I found this article from Science World. Dr. Perry describes his thoughts or findings about why we have hair!
Personally, I think all mammals have hair for protection. From bugs, the elements, ect.
Anyhow, here's the article!
Why do we have body hair?
Science World , Sept 18, 2000 by Bruce Perry
WE ANSWERED! EXPERT DR. BRUCE PERRY REVEALS THE SHOCKING TRUTH BEHIND THE MYSTERIES OF SCIENCE.
The hair on our bodies is a characteristic of mammals (animals that nurse their young with milk). Hair plays many important roles--warmth and protection from germs for example. Hair also helps reduce friction--and thereby irritation--in skin-to-skin contact, like under your arms.
The most fascinating role of body hair, however, is to assist olfactory (relating to smell) communication. One of the most important forms of human-to-human communication is through scent. Your body releases chemicals called pheromones that create a unique scent to you. Newborn babies can pick out their mother's blouse from a group of blouses based on scent alone. A mother's pheromones can calm a baby even when mom is absent.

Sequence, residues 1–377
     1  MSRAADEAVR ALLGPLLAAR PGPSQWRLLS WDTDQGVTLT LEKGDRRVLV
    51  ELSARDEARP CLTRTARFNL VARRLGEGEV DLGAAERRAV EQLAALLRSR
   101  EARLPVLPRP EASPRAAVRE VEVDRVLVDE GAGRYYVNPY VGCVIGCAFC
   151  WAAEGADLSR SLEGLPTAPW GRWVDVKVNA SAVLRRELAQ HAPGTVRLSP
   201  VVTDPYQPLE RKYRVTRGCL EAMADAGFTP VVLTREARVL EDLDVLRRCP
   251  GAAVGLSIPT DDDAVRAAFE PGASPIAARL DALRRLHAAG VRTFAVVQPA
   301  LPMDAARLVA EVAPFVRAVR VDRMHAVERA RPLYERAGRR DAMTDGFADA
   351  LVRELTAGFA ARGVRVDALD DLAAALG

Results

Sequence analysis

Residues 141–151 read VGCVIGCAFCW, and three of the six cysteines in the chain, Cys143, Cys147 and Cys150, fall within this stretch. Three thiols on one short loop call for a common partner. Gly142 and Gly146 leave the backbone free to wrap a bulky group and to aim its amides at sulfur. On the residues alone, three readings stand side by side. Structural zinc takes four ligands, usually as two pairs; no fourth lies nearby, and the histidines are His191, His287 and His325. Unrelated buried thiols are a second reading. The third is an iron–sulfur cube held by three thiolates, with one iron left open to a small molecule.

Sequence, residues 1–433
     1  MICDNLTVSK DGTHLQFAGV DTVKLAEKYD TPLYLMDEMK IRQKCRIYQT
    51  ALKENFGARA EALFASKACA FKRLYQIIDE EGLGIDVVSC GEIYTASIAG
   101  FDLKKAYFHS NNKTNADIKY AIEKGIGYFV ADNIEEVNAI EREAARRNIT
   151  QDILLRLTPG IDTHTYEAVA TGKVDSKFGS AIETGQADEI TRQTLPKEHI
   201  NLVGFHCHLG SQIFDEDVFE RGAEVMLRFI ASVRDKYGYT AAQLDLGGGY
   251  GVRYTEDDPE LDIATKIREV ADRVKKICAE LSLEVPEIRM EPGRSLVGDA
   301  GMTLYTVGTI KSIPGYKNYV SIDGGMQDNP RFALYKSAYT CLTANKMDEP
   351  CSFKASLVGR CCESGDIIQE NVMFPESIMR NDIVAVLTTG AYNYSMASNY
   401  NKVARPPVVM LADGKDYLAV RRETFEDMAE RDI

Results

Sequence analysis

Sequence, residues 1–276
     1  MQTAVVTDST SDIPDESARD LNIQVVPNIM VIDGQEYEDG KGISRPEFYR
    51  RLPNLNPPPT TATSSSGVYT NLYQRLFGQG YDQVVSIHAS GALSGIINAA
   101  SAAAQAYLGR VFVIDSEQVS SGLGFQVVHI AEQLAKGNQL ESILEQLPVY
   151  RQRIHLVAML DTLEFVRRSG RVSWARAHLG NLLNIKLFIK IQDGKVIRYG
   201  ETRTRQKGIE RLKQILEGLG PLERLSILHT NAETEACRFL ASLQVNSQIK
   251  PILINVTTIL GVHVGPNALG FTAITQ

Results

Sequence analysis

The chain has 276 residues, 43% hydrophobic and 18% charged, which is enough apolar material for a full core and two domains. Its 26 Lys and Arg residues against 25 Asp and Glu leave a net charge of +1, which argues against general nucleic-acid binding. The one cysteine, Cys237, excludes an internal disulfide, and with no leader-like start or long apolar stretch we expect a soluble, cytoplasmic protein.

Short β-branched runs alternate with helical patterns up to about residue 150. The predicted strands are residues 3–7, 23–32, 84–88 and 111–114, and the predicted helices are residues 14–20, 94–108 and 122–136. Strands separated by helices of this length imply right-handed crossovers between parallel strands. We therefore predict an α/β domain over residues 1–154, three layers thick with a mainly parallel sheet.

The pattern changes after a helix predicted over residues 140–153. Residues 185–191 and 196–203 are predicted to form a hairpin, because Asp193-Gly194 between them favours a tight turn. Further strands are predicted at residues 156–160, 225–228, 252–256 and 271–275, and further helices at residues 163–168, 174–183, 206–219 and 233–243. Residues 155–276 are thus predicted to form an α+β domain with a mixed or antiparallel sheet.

Body hair retains your unique chemical signature, allowing others to sense and respond to you. When afraid or aroused, your pheromones change. Most of us know that dogs can "smell" fear--and it's likely that humans can too.
Manufacturers spend billions of dollars a year to influence the ways we "smell" through perfumes, soaps, and deodorants--trying to make people more attractive to each other. Could you be drowning out some of your most powerful yet natural chemical "attractants"? The clean, natural scent bristling on your body hair is likely to contain the attractants people seek in perfumed potions.
DR. BRUCE PERRY is the Thomas Trammell Research Professor of child psychiatry at Baylor College of Medicine, and chief of psychiatry at Texas Children's Hospital in Houston. He has been consulted on many high-profile incidents involving traumatized children, including the Oklahoma City bombing and the Columbine, Colorado, school shootings.